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Trends from Mobile World Congress

February 18th, 2008 · 2 Comments

The just-concluded annual event of the GSM mobile industry in Barcelona threw up a number of interesting trends, some of which could be particularly useful for Indian operators and companies creating content and solutions in the mobile space.

Dominance of Voice and SMS: The mobile can do many things, but for a mobile operator it is voice and SMS which generates, in most countries, 90-95% of the revenue. This is likely to go down as new services emerge, but for now, the mobile is used for, as someone put it, “calling, texting, and as an alarm clock.”

Operators as Customer Relationship Managers: Mobile operators are in a unique position given the data they have on consumers. They can graph our social networks, identify our likes and dislikes based on what we do on the mobile, and also integrate this with the information they collect on us when we register. All of this puts operators in an excellent position to manage – and monetise – the customer relationship they have. But for this, they will need to look beyond the pipes business – never an easy transition to make. This market transition will create opportunities and challenges for not just mobile operators, but also the entire ecosystem.

Mobile as Internet Machine: That is how Masayoshi Son of Softbank thinks of the mobile. As mobiles become more powerful and networks become faster, it opens up the vast world of the Internet – on the go. The same sentiment was echoed by Vodafone’s Arun Sarin. But this will mean investing not just in 3G networks but going to 3.5G and beyond. India needs to think hard creating the regulatory environment to facilitate the creation of the next-generation wireless infrastructure and service.

Hot Topics: On the mobile services side, perhaps the two areas that elicited the maximum interest and discussion were mobile advertising and mobile payments. Just as the advertising model has had a deep impact on the Internet, there is a growing belief that the mobile is becoming a medium and advertising will create value for customers, operators and businesses. The models are still emerging. On the payments side, there is great interest on enabling money transfers, facilitating banking and driving transactions. There was also recognition for “mChek on Airtel” which won the award for the Best Customer Care and Billing Solution.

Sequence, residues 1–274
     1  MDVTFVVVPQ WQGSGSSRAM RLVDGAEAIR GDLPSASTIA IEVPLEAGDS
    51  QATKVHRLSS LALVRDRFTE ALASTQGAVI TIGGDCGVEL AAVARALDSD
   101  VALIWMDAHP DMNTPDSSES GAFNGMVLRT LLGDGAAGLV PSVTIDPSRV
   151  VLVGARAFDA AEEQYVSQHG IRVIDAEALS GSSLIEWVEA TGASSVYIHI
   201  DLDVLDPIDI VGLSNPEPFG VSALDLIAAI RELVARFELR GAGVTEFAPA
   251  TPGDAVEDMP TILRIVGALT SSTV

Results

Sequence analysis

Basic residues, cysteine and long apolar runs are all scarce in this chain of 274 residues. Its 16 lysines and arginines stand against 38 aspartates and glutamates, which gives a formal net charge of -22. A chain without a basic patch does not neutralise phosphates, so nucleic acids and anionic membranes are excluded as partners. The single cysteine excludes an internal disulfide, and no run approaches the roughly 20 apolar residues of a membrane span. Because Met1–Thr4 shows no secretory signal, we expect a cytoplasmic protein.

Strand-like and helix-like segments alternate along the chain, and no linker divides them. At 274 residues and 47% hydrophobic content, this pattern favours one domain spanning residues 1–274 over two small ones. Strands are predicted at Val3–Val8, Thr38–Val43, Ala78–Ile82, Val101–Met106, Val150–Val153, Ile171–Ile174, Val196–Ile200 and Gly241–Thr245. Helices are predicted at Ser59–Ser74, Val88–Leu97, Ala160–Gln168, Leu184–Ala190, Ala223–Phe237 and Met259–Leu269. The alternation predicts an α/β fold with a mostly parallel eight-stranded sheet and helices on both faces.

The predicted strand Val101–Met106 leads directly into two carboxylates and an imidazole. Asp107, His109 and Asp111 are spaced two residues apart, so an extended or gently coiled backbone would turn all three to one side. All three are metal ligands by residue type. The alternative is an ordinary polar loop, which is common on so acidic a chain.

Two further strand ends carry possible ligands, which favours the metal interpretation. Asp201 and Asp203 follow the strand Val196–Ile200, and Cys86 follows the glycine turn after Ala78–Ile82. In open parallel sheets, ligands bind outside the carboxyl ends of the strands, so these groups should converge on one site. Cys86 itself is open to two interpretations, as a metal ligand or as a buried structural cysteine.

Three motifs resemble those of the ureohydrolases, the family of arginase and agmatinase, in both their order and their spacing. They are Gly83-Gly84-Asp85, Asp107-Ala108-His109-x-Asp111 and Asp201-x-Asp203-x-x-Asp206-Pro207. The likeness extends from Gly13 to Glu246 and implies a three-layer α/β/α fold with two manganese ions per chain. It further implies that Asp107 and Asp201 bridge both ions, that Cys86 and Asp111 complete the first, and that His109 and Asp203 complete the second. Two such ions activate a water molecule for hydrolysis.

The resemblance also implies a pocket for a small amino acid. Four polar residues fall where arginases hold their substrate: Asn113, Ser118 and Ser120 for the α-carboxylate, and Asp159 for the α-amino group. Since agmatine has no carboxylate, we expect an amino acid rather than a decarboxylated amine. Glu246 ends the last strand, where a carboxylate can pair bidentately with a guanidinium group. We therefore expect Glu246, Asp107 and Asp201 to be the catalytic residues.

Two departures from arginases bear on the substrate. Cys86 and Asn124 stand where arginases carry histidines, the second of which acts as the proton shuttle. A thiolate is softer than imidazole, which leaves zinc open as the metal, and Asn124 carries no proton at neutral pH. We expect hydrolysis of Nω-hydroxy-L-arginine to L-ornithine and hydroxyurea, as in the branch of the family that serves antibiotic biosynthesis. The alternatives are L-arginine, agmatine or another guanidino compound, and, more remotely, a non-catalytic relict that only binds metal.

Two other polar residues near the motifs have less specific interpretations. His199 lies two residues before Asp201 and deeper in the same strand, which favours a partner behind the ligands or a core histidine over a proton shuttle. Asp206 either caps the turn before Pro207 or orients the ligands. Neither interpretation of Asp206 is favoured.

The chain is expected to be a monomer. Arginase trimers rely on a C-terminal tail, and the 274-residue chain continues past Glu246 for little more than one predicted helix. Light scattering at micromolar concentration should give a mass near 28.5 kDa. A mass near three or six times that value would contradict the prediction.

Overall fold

Importance of Communities: As John Chambers of Cisco put it, the market is shifting from “You to Us.” People want to connect to other people, new sources of information and with the communities they are already part of. The mobile is becoming an integral part of this connected life, with the desire to share photos, videos – and moments. As tomorrow’s world is shaped by convergence, the mobile will be the real-time window to our family and friends.

Importance of Emerging Markets: The fulcrum of innovation is also starting to shift from the developed markets to emerging countries like India. One of the keynote speakers pointed out that while big companies are good at evolutionary innovations, it is the smaller companies which drive revolutionary innovation. Indian companies and entrepreneurs have the opportunity to create the next big models in the mobile space – leveraging a large domestic market to expand internationally.

Tags: Mobility

2 responses so far ↓

  • 1 MWC- Mobile Innovation Marketplace - Barcelona - 2008 « MyToday // Feb 18, 2008 at 1:30 pm

    [...] now, a lot of emerging markets play a crucial role in driving revolutionary innovation. Read the complete post on Mobile Trends observed at Barcelona at Emergic – here [...]

  • 2 Vishal // Feb 20, 2008 at 11:57 am

    You captured it well “big companies are good at evolutionary innovations, it is the smaller companies which drive revolutionary innovation.”
    India and its growing middle class with spending spree, Mobile market is like real estate, its a matter of now finding the right services and monetezing it.

    Vishal

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